Variable rate and fixed rate mortgages both have their advantages and disadvantages. Historically homeowners tend to pay lower rates with variable mortgages, but these mortgages are also vulnerable to fluctuations because they are tied to the Bank of Canada’s prime lending rate where fixed rates are consistent throughout the term of the mortgage. Currently a variable rate mortgage is approximately .60% lower than the best 5 year fixed rates with the Bank of Canada prime lending rate set at 3.00%.
Interest Rate Forecast
The Bank of Canada has said they have no intention of increasing rates until 2015 and bond rates have remained low. When they decide to start increasing rates it will be very slowly as to monitor the effects on the Canadian real estate markets. If they increase rates too quickly they risk crashing the real estate market across Canada. It is expected increases will come a quarter percent at a time pending the financial stability of our economy.
What is the best choice?
There is no correct answer, the product you choose must be the one that fits your needs and comfort level. A variable rate product will be lower today but there is no guarantee it will be lower a year from now. If you are the type of person that can’t sleep at night knowing that your rate may change by 0.25%, then a variable rate mortgage is not the best option for you. If your budget is stretched to its limits and any increase will make your payments difficult to pay, then this is not the best choice. A variable rate mortgage is appropriate for individuals who are financially very comfortable and willing to risk future rate increases by taking the lowest possible rate today.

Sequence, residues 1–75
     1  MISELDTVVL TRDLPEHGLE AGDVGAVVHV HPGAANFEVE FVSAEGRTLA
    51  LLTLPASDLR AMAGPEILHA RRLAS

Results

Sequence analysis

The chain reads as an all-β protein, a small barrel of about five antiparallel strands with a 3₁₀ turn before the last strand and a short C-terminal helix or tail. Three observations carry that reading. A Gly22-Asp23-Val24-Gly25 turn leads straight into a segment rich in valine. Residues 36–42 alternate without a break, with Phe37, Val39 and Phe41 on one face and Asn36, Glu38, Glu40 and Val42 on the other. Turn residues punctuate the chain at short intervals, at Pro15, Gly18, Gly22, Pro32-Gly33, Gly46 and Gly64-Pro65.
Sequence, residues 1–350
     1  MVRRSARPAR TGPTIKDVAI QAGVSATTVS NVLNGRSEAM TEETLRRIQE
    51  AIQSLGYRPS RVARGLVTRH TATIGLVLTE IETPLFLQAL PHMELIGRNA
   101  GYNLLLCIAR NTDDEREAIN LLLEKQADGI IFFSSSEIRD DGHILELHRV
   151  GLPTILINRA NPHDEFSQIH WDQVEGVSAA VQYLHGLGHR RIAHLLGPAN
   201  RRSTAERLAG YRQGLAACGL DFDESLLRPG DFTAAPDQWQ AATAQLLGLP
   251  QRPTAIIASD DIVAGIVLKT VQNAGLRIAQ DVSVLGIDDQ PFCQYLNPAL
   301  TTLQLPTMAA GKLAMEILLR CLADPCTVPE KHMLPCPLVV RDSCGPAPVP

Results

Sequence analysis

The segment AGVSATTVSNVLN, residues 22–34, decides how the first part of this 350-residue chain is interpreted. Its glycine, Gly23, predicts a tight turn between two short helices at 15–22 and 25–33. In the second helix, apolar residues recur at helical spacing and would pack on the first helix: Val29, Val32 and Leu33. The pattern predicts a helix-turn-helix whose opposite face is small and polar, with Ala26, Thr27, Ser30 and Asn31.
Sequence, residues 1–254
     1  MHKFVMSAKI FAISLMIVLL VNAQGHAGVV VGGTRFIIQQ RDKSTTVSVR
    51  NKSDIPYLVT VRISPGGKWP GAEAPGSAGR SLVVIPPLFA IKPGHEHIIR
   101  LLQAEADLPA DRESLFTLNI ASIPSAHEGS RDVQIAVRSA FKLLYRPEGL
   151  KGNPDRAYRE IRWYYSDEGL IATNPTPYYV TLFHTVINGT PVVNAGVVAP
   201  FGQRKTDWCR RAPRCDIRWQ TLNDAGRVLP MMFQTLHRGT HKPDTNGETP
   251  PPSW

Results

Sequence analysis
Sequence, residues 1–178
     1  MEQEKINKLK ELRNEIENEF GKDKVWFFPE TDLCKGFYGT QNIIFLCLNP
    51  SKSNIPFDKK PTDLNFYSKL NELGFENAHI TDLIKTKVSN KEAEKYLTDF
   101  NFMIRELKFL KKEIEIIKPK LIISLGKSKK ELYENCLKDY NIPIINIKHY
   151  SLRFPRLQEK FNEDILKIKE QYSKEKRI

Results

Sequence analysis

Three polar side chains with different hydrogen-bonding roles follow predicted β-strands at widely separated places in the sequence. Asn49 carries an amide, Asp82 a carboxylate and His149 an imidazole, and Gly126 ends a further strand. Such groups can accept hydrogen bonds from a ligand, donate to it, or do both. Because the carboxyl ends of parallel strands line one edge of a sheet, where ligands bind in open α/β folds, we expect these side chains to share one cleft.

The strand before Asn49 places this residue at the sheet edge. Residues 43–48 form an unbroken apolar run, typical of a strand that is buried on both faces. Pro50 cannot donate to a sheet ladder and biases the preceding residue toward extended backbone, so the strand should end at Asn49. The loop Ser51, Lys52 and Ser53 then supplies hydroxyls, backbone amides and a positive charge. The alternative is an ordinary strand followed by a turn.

Convert a Variable to Fixed?
Variable rate products typically allow you to lock into a fixed term of equal or greater length at any time during your term. While this does eliminate some of the risk of a variable rate it does mean you need to time the rate changes perfectly and securing today’s best rate is unlikely when rates start to rise as you are limited to choosing a fixed rate that is available at that time. In most cases fixed rates will begin to rise with bond rates in anticipation of the Bank of Canada increasing their rates.